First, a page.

Lumpectomy, Wide Local Excision

What Is Lumpectomy?

A Lumpectomy is also called wide local excision or breast-conserving surgery.

A Lumpectomy is a surgical procedure to remove a malignant tumour and removes a lump along with some of the surrounding normal tissue from a woman’s breast.

Lumpectomy is a type of breast conservation or preservation surgery.

Indications for a Lumpectomy

  • Early-stage breast cancer
  • Breast cancer shrunk by neoadjuvant treatments

Lumpectomy Surgery

The aim of the procedure is to remove the abnormal tissue and retain the normal appearance of the breast. Lumpectomy can be performed as a day stay or inpatient procedure and is usually done under general anesthesia although it sometimes can be done under a local anaesthetic.

The tumour may need to be located preoperatively by a radiologist if it cannot be felt. At operation, an incision is made in a cosmetically acceptable place.

The surgeon then removes the tumour along with a small layer of surrounding tissue and sends it to the laboratory for investigation. The breast is often reshaped or ‘remodelled’ to improve the appearance and avoid any resultant ‘divots’. Your surgeon may also remove lymph nodes in your armpit (axilla) to see if the cancer has spread to the lymph nodes. This may or may not require a further incision.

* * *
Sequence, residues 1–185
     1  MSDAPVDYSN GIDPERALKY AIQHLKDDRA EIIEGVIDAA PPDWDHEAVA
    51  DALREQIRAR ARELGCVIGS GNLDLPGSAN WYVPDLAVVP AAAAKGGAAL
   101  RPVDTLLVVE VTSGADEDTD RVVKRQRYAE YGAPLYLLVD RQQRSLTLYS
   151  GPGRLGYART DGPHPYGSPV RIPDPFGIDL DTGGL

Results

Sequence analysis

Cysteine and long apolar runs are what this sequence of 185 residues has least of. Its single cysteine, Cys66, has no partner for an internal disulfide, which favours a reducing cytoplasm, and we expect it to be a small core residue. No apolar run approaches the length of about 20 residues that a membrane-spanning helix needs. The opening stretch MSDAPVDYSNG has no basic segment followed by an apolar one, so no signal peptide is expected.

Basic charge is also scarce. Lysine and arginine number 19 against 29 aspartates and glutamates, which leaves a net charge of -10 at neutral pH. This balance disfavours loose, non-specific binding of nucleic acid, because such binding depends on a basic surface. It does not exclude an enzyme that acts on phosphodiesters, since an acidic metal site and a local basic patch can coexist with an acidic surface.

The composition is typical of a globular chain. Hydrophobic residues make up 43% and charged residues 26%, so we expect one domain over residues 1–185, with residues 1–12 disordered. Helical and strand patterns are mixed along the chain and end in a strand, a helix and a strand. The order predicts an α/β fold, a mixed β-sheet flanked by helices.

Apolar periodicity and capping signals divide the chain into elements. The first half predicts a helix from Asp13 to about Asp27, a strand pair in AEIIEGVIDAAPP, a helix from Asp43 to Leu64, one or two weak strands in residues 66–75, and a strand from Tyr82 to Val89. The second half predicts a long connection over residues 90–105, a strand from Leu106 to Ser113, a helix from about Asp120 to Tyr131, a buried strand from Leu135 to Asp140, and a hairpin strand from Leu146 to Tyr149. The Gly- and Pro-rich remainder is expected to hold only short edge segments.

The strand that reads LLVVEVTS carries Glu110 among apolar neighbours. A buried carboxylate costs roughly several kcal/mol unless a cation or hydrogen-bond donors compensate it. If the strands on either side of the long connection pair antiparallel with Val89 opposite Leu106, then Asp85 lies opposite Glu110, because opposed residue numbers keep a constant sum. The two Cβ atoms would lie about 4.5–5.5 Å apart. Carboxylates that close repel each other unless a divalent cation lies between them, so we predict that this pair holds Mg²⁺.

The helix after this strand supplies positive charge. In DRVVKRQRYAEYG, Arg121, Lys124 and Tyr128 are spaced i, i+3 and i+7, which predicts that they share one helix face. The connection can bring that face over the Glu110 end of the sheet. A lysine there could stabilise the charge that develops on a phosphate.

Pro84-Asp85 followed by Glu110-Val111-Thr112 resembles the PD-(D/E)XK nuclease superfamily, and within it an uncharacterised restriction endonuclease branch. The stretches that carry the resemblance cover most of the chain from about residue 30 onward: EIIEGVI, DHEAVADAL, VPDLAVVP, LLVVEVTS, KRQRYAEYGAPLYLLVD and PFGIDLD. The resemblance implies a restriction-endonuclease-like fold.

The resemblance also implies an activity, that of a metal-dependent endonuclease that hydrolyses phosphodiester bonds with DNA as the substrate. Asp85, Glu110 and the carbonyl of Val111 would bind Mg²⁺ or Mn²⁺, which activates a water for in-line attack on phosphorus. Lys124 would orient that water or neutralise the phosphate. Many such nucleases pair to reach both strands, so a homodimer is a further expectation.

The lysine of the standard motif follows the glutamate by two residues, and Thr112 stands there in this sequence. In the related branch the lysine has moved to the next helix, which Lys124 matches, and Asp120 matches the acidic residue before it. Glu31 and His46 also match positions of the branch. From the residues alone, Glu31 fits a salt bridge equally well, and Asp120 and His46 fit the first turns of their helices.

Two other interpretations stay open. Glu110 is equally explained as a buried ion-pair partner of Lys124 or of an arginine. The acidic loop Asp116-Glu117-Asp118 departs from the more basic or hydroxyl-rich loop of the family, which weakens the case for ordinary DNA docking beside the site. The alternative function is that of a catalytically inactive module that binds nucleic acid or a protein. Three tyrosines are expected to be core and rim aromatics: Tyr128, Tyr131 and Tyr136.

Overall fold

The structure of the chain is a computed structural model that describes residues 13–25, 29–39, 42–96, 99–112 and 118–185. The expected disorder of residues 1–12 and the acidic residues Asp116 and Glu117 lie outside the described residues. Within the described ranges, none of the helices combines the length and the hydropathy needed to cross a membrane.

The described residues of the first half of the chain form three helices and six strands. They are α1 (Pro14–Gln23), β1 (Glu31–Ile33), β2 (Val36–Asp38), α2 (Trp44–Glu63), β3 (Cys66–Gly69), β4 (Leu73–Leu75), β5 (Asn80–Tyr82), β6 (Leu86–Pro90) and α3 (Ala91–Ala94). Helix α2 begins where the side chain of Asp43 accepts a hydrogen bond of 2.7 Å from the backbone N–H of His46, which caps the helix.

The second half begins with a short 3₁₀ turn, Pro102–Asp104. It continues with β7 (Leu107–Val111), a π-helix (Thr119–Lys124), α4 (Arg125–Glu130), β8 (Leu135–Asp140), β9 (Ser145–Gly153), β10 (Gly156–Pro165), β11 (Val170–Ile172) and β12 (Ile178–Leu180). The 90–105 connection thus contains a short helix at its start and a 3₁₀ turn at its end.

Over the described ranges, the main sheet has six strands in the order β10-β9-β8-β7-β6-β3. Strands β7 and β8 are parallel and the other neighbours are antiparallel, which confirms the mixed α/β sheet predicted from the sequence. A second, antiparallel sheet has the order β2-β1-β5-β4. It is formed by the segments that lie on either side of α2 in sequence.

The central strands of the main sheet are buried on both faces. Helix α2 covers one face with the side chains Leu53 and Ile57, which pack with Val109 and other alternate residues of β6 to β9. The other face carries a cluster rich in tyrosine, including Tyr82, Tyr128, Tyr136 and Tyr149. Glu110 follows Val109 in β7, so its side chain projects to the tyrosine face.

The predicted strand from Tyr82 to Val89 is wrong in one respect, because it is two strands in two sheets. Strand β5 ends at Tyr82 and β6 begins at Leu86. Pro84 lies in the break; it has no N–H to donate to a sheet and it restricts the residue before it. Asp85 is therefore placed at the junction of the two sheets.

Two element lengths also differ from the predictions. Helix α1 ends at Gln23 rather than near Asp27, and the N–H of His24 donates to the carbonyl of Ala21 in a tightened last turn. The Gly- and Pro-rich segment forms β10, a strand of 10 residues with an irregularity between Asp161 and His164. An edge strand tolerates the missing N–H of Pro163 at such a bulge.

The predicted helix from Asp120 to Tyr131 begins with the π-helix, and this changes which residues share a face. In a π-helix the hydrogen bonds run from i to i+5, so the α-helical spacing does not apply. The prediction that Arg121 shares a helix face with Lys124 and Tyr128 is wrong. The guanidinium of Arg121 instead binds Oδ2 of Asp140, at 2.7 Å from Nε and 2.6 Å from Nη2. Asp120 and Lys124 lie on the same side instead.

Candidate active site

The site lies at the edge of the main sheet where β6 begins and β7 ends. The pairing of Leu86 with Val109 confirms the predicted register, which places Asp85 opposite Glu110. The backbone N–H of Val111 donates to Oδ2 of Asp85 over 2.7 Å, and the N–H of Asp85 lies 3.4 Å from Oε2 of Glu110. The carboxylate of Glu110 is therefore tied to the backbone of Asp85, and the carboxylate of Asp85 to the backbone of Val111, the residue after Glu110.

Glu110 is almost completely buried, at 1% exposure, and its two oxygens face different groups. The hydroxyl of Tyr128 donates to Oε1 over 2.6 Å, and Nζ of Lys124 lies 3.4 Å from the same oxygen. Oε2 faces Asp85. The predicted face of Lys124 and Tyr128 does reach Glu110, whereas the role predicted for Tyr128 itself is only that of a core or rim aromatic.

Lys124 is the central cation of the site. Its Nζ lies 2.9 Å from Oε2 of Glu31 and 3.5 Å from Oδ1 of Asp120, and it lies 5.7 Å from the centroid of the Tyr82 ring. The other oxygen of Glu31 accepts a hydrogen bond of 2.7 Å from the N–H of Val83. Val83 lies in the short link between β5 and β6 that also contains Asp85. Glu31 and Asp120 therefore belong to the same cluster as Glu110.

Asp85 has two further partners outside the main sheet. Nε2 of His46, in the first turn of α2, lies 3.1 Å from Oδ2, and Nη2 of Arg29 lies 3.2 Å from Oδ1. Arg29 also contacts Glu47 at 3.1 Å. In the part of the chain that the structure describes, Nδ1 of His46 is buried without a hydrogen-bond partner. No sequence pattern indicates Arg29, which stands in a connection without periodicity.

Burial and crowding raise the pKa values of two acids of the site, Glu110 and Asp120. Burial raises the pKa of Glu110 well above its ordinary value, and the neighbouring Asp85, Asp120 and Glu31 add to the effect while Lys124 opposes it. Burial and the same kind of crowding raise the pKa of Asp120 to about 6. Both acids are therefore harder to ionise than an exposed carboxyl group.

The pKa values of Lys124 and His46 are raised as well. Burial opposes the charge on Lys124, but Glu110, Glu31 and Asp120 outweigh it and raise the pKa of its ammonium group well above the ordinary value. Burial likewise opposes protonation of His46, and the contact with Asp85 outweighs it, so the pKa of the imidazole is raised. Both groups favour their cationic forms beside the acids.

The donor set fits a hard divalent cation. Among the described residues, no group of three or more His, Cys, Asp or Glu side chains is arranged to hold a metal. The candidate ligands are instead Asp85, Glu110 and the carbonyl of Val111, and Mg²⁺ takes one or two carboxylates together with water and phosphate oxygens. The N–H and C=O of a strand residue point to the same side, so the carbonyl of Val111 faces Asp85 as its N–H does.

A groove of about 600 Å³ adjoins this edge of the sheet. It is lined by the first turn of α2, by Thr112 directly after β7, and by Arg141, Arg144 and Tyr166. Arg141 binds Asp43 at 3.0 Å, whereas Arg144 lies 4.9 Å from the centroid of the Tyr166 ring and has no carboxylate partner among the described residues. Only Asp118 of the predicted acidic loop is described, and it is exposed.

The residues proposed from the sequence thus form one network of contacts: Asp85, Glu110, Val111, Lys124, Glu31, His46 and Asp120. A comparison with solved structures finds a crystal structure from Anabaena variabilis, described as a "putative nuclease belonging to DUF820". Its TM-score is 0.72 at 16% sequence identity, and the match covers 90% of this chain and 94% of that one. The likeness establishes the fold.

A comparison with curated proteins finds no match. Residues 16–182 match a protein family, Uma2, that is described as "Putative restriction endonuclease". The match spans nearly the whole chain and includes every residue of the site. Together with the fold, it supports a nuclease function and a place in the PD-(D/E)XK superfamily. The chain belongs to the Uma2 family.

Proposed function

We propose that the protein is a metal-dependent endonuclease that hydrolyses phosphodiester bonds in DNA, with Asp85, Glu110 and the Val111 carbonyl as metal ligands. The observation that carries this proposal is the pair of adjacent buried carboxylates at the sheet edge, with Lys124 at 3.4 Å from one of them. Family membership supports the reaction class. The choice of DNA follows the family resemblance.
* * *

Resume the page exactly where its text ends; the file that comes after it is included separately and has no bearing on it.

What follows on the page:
At the end of the procedure, the incisions are closed with dissolvable sutures and a soft waterproof dressing is placed over the surgical area.

After the Lumpectomy Procedure

  • Make sure you get enough rest so that you can return to normal activities in a few days.
  • Your doctor may prescribe medications and antibiotics to reduce pain and inflammation.
  • Keep the dressing undisturbed to avoid infection.  Showering is permitted.  Your specialist will remove the dressing at the post-op appointment.
  • A follow-up appointment should be scheduled 1-2 weeks after surgery to examine your progress and to discuss the pathology and further treatments.

All cancer patients are discussed in a multi-disciplinary meeting with other cancer specialists and specialist involved in their care to determine the best treatments to ensure all cancer has been eradicated and will not return.

Radiation therapy is usually recommended after lumpectomy to reduce the chances of local recurrence.

Risks and Complications of a Lumpectomy Procedure

As with any surgery, Lumpectomy procedures are usually safe but may involve

  • The risk of infection,
  • Bleeding,
  • Pain,
  • Swelling in your arm,
  • Hard scar tissue formation at the site of surgery,
  • A change in the size and shape of the breast.
  • Shoulder pain and stiffness, numbness (especially under your arm), and
  • Accumulation of blood or fluid (seroma) in the surgical site.
  • Breast Surgeons of Australia and NewZealand
  • The University of Sydney
  • Royal North Shore Hospital
  •  Australian Society Of Breast Disease
  • Mater Hospital A facility of ST Vincent's Health Australia
  • Fellow of the Royal Australasian College of Surgeons
Breast & Surgical Oncology At The Poche Centre

40 Rocklands Rd,
North Sydney, NSW 2060

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  • Fax: (02) 9954 9938
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